In 1808 he committed a very serious blunder. Spain was his abjectably, completely under his control, but he saw fit to depose its Bourbon king in order to promote his brother Joseph from the crown of the two Sicilies. Portugal he had already conquered, and the two kingdoms of Spain and Portugal were to be united. Thereupon the Spanish arose in a state of patriotic fury, surrounded a French army at Baylen, and compelled it to surrender. It was an astonishing break in the French career of victory.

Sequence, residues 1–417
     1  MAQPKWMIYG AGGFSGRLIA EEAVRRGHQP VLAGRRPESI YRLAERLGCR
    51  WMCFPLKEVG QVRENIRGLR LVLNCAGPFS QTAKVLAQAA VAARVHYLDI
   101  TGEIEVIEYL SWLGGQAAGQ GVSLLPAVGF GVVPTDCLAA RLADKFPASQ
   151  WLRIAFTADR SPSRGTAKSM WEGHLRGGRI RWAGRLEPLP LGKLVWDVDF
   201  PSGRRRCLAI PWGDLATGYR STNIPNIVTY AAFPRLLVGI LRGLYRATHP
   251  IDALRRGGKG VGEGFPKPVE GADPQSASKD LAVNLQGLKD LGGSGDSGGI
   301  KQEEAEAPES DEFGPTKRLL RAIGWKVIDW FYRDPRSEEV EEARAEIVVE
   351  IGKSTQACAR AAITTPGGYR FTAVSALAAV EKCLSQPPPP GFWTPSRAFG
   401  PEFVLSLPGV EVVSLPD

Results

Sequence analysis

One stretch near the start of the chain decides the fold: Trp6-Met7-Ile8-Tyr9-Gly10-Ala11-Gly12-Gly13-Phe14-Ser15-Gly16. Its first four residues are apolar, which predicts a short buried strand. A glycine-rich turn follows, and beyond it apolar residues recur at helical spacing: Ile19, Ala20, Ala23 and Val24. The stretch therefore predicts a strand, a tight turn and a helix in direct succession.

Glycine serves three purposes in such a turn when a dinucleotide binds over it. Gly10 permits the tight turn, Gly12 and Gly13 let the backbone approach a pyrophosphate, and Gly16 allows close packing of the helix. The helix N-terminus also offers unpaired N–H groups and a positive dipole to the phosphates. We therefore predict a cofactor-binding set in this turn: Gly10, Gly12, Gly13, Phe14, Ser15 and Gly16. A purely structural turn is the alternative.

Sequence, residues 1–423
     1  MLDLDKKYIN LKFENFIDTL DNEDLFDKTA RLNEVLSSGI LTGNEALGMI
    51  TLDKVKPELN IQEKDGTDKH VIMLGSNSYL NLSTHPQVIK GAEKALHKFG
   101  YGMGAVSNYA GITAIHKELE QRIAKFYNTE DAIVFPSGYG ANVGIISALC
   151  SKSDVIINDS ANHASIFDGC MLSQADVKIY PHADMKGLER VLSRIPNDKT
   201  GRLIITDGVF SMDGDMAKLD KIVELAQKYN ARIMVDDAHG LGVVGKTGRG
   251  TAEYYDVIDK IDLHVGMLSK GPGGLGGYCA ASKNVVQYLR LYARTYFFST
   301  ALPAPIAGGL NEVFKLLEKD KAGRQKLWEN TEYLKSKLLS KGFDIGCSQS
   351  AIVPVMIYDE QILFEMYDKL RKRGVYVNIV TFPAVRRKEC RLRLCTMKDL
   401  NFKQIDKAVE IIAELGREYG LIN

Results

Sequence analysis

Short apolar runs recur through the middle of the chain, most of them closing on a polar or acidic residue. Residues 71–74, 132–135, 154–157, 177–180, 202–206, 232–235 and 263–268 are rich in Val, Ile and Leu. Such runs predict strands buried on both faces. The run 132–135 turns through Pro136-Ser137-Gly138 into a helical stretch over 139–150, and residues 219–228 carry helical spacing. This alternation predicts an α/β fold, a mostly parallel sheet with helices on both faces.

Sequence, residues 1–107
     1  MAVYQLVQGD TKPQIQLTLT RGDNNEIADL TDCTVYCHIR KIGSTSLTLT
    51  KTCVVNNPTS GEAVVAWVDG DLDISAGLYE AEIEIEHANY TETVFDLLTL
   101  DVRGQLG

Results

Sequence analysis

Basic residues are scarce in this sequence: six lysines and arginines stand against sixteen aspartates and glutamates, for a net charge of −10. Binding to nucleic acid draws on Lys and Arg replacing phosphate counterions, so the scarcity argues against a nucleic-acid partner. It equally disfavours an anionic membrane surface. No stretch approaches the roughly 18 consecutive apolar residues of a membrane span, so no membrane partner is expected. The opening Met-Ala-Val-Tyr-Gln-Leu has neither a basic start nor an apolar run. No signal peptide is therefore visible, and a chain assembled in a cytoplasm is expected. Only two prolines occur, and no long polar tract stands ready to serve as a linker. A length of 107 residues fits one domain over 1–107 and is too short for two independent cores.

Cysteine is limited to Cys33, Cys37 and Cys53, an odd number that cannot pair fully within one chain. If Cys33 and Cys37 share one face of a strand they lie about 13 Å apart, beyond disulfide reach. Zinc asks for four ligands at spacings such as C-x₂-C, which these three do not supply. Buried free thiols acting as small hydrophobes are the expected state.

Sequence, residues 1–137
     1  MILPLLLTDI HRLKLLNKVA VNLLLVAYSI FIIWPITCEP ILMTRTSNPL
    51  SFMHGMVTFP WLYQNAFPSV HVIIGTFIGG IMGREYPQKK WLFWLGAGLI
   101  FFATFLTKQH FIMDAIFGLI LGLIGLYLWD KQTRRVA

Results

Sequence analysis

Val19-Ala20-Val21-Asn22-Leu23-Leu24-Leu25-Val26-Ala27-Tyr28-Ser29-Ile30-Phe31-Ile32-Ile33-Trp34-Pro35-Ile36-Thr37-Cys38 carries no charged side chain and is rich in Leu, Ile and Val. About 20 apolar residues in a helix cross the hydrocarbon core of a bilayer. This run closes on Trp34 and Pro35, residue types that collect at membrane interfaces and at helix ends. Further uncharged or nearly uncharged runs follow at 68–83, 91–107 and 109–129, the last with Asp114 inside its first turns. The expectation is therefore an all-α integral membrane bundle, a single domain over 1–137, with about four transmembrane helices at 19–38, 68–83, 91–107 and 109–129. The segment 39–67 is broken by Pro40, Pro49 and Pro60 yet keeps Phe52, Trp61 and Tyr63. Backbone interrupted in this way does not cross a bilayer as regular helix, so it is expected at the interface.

The British were not slow to seize the foothold this in. surrection gave them. A British army under Sir Arthur Wellesley (afterwards the Duke of Wellington) landed in Portugal, defeated the French at Vimiero, and compelled them to retire into Spain. The news of these reverses caused a very great excitement in Germany and Austria, and the Tzar assumed a more arrogant attitude towards his ally.